The National Pension Fund (NPF) is projected to grow enormously beyond the depth of the capital market in Korea. Future developments in the fund size raise concerns over the current management’s capability to handle the huge amount of domestic investments and its expertise required for diversification into overseas investment.
There have been discussions for reforming the NPF governance with an emphasis on the need for increasing the rate of return on investment. However, the previous attempts to reform governance have been futile owing to prevailing distrust in the financial experts who will control pension funds.
To advance the reform discussion further, it would be necessary to first establish the principles in designing pension fund governance structure. Above all, the top-notch financiers should be employed to achieve an optimal combination of risk and return in pension fund portfolio, but the set of the optimal combinations should be given beforehand from the highest level of governance. At the same time, the concerns over the potential conflict of interest among the fiduciaries should be adequately addressed by implementing a strong accountability framework.
One way to ensuring accountability is to set the long-term fiscal target of the National Pension Service (NPS). The long-term investment return of the Fund derived from the long-term fiscal target should provide the fund managers a clear mandate that guides their investment strategies. Hence, setting the fiscal target, which provides a link between the pension system and the pension fund governance, may be the first step to advancing the governance structure of the National Pension Fund.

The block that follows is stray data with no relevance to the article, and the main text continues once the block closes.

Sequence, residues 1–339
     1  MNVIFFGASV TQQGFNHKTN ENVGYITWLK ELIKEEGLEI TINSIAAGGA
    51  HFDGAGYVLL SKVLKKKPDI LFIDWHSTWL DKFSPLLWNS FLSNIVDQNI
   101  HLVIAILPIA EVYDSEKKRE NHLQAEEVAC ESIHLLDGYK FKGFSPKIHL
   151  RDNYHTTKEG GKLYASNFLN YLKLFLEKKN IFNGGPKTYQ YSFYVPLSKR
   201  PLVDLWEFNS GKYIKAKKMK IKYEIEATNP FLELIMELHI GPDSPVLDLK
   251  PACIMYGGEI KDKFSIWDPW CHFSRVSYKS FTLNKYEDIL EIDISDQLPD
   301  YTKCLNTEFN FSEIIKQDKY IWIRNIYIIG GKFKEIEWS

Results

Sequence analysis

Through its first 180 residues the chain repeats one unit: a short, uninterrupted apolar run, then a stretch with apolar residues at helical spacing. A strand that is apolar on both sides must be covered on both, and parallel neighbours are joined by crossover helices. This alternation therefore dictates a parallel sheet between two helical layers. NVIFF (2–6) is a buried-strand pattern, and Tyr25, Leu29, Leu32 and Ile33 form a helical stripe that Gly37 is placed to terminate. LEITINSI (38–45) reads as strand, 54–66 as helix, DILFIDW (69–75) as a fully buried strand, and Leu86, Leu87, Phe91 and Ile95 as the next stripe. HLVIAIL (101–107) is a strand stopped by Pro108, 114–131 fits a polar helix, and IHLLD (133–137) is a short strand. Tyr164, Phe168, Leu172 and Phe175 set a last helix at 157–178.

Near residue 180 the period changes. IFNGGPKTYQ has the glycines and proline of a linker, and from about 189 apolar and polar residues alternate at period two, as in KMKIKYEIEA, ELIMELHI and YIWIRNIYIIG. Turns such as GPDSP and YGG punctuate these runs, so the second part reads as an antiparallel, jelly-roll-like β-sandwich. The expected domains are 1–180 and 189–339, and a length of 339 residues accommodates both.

A major overhaul of the Committee is also necessary. A new governing body independent of the government and the NPS, and consisting of the members having professional experiences and appropriate expertise should be established to control and oversee fund management effectively.
Finally, the governing body and the management have to be subject to regular external audit. As the duties and liabilities of the fiduciaries are statutory, the board members need be granted a legal authority to evaluate the staff and provide them a proper incentive for better performance.